Prior to 1991, HHC had a single corporation-wide layoff unit that included all of its facilities throughout New York City. In 1991, HHC created smaller layoff units based on individual hospitals and health care facilities within HHC. In 2009, in response to financial pressures faced by the City, HHC again restructured its layoff units. By memorandum dated April 21, 2009, HHC gave notice that it was amending its Personnel Rules and Regulations (the HHC Rules) to create eighteen additional, smaller, layoff units within the existing hospital and medical centers that had previously been designated as the layoff units.[FN1] HHC announced plans to either close or reduce staff at the clinics and programs designated as the new layoff units. Approximately 87 HHC employees were affected.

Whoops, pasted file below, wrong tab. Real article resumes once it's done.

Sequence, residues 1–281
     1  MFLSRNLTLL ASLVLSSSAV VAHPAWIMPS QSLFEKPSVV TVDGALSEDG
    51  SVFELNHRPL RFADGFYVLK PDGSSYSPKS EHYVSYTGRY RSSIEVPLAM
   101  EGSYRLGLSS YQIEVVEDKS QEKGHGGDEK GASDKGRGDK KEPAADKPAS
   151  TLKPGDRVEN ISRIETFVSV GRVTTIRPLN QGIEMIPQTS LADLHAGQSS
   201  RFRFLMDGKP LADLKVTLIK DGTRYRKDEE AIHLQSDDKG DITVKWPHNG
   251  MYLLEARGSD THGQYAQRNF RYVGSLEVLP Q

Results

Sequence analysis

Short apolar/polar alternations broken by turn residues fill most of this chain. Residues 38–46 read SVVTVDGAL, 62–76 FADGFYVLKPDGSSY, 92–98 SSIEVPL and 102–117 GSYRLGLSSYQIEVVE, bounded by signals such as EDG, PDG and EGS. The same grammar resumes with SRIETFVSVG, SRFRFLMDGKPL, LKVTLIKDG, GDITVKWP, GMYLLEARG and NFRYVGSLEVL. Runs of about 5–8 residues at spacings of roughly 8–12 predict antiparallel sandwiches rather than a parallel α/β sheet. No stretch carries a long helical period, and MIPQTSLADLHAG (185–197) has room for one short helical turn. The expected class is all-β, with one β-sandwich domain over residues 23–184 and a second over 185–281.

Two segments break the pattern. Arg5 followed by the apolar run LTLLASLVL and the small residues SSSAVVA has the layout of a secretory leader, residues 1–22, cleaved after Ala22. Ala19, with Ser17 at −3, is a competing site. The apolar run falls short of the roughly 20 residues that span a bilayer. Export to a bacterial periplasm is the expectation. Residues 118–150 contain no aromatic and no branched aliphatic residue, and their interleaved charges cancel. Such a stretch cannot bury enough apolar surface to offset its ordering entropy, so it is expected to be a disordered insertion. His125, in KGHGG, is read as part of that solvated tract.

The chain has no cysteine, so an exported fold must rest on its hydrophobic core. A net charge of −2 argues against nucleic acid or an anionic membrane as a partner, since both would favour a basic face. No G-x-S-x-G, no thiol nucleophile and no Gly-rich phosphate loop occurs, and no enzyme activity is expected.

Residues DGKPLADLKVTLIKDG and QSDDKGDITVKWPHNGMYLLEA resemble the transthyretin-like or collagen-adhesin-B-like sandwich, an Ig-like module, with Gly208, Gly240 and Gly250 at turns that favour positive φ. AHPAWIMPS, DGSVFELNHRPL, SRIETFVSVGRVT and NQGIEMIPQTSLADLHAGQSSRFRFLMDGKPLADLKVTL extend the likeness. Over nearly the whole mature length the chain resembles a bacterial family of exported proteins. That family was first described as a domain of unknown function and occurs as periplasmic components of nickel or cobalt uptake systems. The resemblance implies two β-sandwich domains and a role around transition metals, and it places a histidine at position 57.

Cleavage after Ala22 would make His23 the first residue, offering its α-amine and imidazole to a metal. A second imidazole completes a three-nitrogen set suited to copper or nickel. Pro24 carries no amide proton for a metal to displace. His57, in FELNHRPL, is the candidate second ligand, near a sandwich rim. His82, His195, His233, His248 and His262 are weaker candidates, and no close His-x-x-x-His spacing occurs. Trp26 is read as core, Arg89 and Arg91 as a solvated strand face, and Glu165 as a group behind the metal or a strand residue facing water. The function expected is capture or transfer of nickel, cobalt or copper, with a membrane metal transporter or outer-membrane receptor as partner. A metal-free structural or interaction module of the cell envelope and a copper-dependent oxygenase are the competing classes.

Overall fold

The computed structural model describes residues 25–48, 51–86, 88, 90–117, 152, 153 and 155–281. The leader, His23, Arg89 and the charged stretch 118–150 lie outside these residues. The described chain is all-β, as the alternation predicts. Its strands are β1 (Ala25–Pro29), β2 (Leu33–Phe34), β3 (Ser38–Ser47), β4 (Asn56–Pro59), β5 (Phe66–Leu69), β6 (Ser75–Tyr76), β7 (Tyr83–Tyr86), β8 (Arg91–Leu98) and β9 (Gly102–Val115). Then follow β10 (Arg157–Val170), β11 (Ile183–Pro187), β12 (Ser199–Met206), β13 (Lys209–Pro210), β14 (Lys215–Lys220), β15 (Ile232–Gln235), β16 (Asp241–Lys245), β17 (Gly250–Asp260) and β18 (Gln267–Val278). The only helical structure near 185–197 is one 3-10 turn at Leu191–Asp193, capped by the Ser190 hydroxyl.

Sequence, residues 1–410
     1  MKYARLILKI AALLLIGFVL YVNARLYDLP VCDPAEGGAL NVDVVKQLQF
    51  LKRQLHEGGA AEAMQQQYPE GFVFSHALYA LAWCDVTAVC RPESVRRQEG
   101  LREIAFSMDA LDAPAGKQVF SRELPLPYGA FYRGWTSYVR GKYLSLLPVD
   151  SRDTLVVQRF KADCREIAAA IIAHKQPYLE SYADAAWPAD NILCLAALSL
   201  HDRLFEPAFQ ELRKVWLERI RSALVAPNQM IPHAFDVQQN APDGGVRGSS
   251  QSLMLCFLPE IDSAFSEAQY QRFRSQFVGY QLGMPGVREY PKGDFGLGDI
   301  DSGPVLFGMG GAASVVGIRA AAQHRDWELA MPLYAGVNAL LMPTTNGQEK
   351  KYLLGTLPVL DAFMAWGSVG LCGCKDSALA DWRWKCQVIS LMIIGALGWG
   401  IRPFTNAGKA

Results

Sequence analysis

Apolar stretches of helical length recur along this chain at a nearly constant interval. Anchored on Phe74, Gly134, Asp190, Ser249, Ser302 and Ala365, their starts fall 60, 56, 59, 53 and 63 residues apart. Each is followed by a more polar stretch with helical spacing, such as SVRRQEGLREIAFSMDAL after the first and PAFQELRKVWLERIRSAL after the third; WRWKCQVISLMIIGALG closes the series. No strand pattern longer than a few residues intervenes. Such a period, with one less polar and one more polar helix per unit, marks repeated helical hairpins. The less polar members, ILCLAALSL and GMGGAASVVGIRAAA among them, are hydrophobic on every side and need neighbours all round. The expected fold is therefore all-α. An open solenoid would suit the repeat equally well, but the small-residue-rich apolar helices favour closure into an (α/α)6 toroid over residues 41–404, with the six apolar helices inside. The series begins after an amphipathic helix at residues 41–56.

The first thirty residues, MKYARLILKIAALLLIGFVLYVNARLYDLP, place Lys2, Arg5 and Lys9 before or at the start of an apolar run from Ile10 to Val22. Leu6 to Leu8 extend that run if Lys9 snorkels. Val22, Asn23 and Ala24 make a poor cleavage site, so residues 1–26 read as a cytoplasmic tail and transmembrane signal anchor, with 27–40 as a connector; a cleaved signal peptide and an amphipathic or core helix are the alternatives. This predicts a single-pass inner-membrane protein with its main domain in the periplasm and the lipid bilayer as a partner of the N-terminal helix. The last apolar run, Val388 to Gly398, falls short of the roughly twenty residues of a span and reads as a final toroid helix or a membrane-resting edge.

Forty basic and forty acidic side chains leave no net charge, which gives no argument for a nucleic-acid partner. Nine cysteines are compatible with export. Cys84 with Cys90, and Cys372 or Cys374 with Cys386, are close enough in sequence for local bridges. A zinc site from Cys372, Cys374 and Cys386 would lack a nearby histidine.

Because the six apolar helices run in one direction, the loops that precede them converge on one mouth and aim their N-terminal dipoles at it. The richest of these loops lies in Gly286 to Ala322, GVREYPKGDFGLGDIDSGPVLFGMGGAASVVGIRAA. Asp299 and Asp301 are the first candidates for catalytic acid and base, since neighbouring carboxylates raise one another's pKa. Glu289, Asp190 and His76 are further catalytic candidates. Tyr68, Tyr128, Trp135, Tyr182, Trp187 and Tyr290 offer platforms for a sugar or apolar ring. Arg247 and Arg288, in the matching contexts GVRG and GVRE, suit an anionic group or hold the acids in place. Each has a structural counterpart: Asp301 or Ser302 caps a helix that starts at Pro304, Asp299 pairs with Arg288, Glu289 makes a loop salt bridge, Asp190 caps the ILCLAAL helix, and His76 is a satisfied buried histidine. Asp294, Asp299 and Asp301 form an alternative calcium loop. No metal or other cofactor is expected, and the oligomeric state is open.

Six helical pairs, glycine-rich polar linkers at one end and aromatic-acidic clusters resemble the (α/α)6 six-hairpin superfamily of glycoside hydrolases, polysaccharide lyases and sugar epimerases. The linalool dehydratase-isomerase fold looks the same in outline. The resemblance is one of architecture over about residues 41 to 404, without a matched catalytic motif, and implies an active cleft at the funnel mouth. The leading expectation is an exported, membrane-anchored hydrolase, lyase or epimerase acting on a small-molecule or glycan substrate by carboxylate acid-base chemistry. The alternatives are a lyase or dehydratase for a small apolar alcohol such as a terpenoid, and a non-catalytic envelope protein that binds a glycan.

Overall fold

The proposed rule amendment became effective on May 3, 2009. In response, DC 37 sent a letter to HHC objecting to the creation of the new layoff units and requesting review of the amendment. HHC upheld the amendment, asserting that the creation of the layoff unit subdivisions was within its power under the HHC Rules. DC 37 filed an appeal with PRB, which has the authority to review personnel rules promulgated by HHC. On March 25, 2010, after a hearing, PRB denied DC 37's appeal.